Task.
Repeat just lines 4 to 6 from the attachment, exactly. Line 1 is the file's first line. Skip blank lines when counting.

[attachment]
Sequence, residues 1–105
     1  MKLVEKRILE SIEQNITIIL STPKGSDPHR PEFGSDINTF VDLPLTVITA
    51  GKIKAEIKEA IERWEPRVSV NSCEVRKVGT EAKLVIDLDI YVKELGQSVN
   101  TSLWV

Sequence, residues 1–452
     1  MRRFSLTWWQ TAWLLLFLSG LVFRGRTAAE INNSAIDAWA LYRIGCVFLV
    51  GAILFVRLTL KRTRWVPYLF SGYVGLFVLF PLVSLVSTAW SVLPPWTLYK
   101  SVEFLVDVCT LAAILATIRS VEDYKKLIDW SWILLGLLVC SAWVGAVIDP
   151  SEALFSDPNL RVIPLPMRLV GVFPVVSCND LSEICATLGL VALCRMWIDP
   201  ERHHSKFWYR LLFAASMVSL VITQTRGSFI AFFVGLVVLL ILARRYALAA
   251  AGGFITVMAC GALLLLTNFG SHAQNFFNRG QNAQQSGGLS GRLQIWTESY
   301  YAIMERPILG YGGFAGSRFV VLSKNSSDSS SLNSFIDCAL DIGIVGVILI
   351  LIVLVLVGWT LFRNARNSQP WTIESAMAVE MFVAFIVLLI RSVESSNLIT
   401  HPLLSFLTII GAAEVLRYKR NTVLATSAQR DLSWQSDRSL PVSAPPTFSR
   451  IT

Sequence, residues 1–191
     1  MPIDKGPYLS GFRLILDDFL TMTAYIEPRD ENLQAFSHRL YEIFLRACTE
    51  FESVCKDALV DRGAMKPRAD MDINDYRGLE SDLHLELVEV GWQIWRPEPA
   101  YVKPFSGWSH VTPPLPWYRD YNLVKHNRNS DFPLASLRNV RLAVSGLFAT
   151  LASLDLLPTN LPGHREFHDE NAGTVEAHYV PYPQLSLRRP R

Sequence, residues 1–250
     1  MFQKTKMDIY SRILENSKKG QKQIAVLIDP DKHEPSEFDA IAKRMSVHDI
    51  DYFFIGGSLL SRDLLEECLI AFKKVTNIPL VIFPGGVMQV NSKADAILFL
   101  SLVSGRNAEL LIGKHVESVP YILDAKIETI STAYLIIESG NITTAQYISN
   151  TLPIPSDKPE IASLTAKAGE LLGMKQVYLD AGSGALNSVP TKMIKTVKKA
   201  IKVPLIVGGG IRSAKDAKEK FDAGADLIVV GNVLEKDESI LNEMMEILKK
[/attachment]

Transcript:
   101  TSLWV

Sequence, residues 1–452
     1  MRRFSLTWWQ TAWLLLFLSG LVFRGRTAAE INNSAIDAWA LYRIGCVFLV